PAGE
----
History Heroes, John Greenleaf Whittier Quotes

History Heroes, John Greenleaf Whittier Quotes

Before me, even as behind, God is, and all is well.

The smile of God is victory.

When faith is lost, when honor dies, the man is dead.
Beauty seen is never lost, God’s colors all are fast.
As a small businessperson, you have no greater leverage than the truth.

John Greenleaf Whittier

 

quotejohngreenleafwhittier1John Greenleaf Whittier (December 17, 1807 – September 7, 1892) was an American Quaker poet and advocate of the abolition of slavery in the United States. Frequently listed as one of the Fireside Poets, he was influenced by the Scottish poet Robert Burns. Whittier is remembered particularly for his anti-slavery writings as well as his book Snow-Bound.

Early life and work

John Greenleaf Whittier was born to John and Abigail (Hussey) at their rural homestead in Haverhill, Massachusetts, on December 17, 1807.[1] His middle name is thought to mean ‘feuillevert’ after his Huguenot forbears.[2] He grew up on the farm in a household with his parents, a brother and two sisters, a maternal aunt and paternal uncle, and a constant flow of visitors and hired hands for the farm. As a boy, it was discovered that Whittier was color-blind when he was unable to see a difference between ripe and unripe strawberries.[3] Their farm was not very profitable and there was only enough money to get by. Whittier himself was not cut out for hard farm labor and suffered from bad health and physical frailty his whole life. Although he received little formal education, he was an avid reader who studied his father’s six books on Quakerism until their teachings became the foundation of his ideology. Whittier was heavily influenced by the doctrines of his religion, particularly its stress on humanitarianism, compassion, and social responsibility.

Whittier was first introduced to poetry by a teacher. His sister sent his first poem, “The Exile’s Departure”, to the Newburyport Free Press without his permission and its editor, William Lloyd Garrison, published it on June 8, 1826.[4] Garrison as well as another local editor encouraged Whittier to attend the recently opened Haverhill Academy. To raise money to attend the school, Whittier became a shoemaker for a time, and a deal was made to pay part of his tuition with food from the family farm.[5] Before his second term, he earned money to cover tuition by serving as a teacher in a one-room schoolhouse in what is now Merrimac, Massachusetts.[6] He attended Haverhill Academy from 1827 to 1828 and completed a high school education in only two terms.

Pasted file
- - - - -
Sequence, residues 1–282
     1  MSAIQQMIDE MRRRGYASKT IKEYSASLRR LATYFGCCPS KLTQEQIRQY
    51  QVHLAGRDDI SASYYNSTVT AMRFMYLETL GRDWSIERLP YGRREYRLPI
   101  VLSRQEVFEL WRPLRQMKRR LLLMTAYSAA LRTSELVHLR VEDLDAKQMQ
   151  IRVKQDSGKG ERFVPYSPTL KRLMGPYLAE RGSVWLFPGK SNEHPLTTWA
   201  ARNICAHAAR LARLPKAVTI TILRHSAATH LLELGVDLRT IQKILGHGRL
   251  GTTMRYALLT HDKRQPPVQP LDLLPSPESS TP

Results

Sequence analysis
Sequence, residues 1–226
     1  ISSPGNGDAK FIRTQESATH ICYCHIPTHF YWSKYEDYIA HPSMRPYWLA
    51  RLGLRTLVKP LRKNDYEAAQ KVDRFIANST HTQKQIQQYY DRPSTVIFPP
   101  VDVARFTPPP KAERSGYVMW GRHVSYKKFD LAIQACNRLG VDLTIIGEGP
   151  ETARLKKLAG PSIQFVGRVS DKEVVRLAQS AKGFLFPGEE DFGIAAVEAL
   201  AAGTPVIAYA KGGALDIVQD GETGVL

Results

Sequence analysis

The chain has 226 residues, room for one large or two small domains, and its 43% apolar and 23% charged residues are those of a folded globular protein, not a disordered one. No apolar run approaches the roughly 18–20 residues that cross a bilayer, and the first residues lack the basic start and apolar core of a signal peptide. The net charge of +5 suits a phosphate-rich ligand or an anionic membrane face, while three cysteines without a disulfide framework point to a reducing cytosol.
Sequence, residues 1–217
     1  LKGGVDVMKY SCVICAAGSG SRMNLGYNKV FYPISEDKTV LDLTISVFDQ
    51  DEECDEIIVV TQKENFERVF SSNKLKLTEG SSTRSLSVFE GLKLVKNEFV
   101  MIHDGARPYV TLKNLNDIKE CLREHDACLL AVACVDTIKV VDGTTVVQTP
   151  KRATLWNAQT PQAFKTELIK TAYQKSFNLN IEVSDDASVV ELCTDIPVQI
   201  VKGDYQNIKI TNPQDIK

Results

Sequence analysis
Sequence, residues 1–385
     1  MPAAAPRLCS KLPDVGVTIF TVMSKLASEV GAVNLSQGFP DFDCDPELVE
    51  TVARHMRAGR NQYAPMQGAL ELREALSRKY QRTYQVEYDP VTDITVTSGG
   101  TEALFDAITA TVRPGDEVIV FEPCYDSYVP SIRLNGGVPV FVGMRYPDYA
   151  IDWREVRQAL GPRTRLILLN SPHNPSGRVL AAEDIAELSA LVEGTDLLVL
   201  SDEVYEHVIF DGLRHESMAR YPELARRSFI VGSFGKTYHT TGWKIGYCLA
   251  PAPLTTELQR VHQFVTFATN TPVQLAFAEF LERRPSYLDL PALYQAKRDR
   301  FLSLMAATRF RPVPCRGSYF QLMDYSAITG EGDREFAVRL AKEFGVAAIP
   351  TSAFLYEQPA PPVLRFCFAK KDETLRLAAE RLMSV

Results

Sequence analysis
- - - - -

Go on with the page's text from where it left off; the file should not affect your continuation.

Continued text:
john_greenleaf_whittierGarrison gave Whittier the job of editor of the National Philanthropist, a Boston-based temperance weekly. Shortly after a change in management, Garrison reassigned him as editor of the weekly American Manufacturer in Boston.[7] Whittier became an out-spoken critic of President Andrew Jackson, and by 1830 was editor of the prominent New England Weekly Review in Hartford, Connecticut, the most influential Whig journal in New England. In 1833 he published The Song of the Vermonters, 1779, which he had anonymously inserted in The New England Magazine. The poem was erroneously attributed to Ethan Allen for nearly sixty years.

Abolitionist activity